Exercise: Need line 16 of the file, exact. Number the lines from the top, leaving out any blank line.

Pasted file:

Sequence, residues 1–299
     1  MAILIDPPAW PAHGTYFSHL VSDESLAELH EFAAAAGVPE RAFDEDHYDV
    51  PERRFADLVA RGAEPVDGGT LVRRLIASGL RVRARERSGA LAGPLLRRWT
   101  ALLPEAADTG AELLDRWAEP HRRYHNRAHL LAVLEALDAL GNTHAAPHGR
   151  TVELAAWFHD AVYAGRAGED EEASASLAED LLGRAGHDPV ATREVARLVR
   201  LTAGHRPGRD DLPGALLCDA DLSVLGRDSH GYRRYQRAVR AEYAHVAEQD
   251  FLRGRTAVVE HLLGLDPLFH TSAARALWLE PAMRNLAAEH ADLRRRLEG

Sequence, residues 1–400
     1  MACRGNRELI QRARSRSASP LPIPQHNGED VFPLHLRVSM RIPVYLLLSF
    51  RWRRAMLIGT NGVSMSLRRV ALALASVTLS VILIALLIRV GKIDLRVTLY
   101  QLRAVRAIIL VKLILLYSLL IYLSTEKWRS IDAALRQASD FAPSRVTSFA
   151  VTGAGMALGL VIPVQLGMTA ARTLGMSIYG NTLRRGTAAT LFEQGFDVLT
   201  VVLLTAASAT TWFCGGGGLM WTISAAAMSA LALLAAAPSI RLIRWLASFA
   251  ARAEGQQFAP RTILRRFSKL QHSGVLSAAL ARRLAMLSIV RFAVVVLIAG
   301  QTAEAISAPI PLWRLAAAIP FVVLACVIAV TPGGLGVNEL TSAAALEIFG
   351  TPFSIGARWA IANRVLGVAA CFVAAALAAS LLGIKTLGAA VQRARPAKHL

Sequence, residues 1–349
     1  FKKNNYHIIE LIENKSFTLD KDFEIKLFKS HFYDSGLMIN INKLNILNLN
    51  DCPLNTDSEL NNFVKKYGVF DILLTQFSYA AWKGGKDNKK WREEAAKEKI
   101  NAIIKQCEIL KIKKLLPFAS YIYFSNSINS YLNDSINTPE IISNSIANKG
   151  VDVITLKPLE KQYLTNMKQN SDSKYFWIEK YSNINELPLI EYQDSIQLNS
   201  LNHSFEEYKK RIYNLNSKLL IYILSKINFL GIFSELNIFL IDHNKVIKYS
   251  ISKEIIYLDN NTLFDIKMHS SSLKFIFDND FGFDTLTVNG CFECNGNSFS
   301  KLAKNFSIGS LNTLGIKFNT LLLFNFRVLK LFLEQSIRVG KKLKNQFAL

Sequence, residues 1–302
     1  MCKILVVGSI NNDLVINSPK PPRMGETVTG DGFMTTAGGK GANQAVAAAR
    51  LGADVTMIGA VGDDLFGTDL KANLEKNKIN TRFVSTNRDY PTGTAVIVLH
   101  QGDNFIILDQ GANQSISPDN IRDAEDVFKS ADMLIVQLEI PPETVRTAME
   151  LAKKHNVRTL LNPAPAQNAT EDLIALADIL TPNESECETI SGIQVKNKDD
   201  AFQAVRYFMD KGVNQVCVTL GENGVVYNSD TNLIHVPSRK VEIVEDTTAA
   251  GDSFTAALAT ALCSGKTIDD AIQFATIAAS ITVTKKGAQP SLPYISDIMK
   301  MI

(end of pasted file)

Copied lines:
   351  TPFSIGARWA IANRVLGVAA CFVAAALAAS LLGIKTLGAA VQRARPAKHL